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It's now official: 2014 was the warmest year in recorded history. According to two separate analyses by scientists at NASA's Goddard Institute of Space Studies (GISS) and the National Ocean Atmospheric Administration (NOAA), the globally averaged temperature over land and ocean surfaces in 2014 was the highest since 1880 when modern records started. And, with the exception of 1998, the 10 warmest years have all occurred since the beginning of the 21st century. Prior to 2014, the Earth's warmest years were 2005 and 2010. Since 1880, Earth’s average surface temperature has warmed by about 0.8 degrees Celsius — and the majority of that warming has occurred in the past three decades. This long-term warming trend is the direct result of human activity, says NASA. It is mainly being driven by an increase in carbon dioxide emissions and other greenhouse gas emissions released into the atmosphere from human activity. “This is the latest in a series of warm years, in a series of warm decades. While the ranking of individual years can be affected by chaotic weather patterns, the long-term trends are attributable to drivers of climate change that right now are dominated by human emissions of greenhouse gases,” said GISS Director Gavin Schmidt. But this doesn't mean that temperatures will keep increasing at a steady rate and that every new year will have record-breaking temperatures. There will be regional differences in temperature due to weather events such as El Nino and La Nina — natural weather phenomena that warms and cool the tropical Pacific. Year-to-year fluctuations will therefore still occur. “The globe is warmer now than it has been in the last 100 years and more likely in at least 5,000 years,” Jennifer Francis, a Rutgers University climate scientist, told Associated Press. “Any wisps of doubt that human activities are at fault are now gone with the wind,” she said.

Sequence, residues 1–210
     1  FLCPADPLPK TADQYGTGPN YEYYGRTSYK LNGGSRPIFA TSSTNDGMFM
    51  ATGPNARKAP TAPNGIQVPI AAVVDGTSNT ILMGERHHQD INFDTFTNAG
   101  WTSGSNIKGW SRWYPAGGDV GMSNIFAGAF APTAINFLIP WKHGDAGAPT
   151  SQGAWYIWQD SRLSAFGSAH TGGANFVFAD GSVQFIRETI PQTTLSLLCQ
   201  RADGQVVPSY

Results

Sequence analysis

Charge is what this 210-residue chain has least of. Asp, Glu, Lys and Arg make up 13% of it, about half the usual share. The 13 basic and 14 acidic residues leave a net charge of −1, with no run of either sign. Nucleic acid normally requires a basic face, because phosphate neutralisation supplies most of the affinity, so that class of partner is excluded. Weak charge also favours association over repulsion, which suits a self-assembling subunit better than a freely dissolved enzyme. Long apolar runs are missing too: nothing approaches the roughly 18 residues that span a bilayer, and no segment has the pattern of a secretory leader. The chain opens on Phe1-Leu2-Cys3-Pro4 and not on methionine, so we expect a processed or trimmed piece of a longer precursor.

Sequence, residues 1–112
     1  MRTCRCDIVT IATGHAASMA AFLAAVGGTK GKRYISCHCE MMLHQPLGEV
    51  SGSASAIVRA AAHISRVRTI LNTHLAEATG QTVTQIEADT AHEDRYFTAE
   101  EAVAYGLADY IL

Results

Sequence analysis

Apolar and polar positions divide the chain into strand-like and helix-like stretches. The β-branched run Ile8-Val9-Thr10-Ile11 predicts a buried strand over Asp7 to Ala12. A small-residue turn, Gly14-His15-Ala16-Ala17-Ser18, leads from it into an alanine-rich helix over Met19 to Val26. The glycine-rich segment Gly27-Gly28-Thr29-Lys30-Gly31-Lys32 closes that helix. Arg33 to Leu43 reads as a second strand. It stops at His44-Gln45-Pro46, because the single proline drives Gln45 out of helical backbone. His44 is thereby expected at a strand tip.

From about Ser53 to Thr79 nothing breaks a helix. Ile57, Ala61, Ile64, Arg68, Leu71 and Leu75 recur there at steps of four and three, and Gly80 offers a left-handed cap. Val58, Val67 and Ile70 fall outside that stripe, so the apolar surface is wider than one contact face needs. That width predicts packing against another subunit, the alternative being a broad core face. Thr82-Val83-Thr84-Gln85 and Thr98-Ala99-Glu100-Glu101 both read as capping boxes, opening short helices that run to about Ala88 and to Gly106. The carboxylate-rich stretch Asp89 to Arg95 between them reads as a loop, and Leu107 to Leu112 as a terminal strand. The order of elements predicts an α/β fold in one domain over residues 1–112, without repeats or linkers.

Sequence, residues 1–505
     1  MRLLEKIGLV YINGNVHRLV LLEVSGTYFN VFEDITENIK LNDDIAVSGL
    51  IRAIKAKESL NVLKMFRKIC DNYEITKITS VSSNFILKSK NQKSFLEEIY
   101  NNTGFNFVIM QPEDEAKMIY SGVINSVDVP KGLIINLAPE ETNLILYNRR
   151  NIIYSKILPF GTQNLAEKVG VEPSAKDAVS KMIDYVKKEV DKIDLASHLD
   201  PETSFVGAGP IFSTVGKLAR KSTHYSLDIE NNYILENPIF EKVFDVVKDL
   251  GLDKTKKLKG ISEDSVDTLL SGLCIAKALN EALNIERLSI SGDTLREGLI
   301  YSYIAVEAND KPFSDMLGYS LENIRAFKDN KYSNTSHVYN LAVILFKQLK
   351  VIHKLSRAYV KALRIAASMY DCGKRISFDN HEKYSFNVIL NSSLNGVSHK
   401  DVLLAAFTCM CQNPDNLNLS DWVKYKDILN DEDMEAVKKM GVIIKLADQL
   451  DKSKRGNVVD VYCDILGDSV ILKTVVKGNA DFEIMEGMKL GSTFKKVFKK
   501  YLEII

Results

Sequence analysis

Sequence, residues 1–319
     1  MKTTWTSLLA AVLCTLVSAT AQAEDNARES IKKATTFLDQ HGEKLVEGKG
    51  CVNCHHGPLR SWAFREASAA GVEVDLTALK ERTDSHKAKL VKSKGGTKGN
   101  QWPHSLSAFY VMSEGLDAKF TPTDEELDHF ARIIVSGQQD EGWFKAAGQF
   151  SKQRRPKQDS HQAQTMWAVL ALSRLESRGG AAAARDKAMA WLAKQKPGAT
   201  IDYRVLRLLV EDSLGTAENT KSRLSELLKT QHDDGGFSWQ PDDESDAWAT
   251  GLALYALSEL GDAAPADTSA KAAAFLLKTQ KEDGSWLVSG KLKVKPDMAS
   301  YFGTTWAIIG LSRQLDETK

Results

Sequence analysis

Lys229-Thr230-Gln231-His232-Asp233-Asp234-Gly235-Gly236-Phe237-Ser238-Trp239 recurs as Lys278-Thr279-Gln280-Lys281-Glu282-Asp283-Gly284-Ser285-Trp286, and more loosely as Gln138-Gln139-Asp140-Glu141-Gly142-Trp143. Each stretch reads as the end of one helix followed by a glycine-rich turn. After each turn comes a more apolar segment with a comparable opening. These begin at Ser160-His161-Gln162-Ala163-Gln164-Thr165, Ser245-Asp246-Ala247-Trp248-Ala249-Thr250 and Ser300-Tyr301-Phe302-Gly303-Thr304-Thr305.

"The findings are striking," Kathryn Sullivan, NOAA's acting administrator, said on a conference call to the Guardian. "Our planet as a whole is becoming a warmer place." The findings were published in the 32nd edition of the American Meteorological Society's State of the Climate report, which was compiled with contributions from the National Oceanic and Atmospheric Administration (NOAA) and from more than 380 scientists from 52 countries. According to the new report, 2012 saw record levels of greenhouse gas emissions with a global average of carbon dioxide, methane and other warming gasses reaching 392.7 parts per million. 2012 was also among the 10 warmest years on record - ranking eighth or ninth depending on dataset. As a result, and as the report shows, the Arctic has lost record amounts of sea ice, making life hard for animals such as polar bears and raising the Earth's average sea levels. The map shows ice concentration on September 16, along with the extent of the previous record low (yellow line) and the mid-September median extent (black line). The most dramatic changes in the climate can be found in the regions of Arctic and Greenland. In 2012, the Arctic warmed at about twice the rate of lower latitudes while both the snow and sea-ice cover had fallen to its lowest levels ever since the beginning of satellite records. At one point in 2012, Arctic sea ice had receded to 1.32 million square miles - about 18% lower than the previous record low of 1.61 million square miles back in 2007, and a shocking 54% lower than the levels in 1980. If the current rate continues, the NOAA has projected that the Arctic ocean could become ice-free by 2050. "The record or near-records being reported from year to year in the Arctic are no longer anomalies or exceptions," said Jackie Richter-Menge, a civil engineer with the US army corps of engineers. "Really they have become the rule for us, or the norm that we see in the Arctic and that we expect to see for the forseeable future." The graph shows monthly global sea level from 1993 through early 2013 compared to 1993-2012 average, based on AVISO data. Global sea levels are rising as a result of the dramatic melting of sea ice, the report says. "Over the past seven years of so, it appears that the ice melt is contributing more than twice as much to the global sea level rise compared with warming waters," said Jessica Blunden, a climatologist at NOAA's national climactic data centre. During 2012, global average sea levels rose to record highs of 1.4 inches, about 35.56 mm, above the 1993-2010 average.